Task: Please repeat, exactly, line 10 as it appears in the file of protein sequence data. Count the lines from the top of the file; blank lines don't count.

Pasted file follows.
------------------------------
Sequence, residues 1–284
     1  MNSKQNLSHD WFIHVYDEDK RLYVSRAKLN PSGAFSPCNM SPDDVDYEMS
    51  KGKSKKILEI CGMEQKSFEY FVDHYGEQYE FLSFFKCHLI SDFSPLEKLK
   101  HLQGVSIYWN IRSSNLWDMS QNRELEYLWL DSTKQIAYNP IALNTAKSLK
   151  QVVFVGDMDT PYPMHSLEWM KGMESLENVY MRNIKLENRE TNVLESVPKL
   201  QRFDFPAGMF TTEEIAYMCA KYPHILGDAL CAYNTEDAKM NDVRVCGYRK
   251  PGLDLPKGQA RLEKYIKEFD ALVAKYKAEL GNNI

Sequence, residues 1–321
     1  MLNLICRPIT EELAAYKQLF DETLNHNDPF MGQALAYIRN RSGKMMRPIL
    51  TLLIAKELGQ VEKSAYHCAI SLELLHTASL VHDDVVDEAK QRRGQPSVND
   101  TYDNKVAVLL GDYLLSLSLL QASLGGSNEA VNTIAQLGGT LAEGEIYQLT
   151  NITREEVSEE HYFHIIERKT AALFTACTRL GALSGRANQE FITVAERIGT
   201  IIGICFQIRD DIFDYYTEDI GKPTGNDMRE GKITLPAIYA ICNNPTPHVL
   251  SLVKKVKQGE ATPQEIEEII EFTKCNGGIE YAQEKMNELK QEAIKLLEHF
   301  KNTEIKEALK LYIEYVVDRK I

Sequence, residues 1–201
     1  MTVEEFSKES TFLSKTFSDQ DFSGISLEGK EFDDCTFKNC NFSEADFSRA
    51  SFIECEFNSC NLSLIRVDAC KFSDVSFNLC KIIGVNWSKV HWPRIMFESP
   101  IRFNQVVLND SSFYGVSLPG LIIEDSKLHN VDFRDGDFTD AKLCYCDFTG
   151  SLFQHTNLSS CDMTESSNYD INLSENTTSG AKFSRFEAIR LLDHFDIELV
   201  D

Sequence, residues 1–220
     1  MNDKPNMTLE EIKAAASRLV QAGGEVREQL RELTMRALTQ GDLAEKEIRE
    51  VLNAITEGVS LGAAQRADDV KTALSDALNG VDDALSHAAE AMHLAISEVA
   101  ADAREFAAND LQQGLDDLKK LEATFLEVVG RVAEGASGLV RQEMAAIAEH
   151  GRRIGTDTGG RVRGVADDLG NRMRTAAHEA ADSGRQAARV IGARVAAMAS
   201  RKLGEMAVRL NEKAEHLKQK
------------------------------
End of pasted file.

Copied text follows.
    51  TLLIAKELGQ VEKSAYHCAI SLELLHTASL VHDDVVDEAK QRRGQPSVND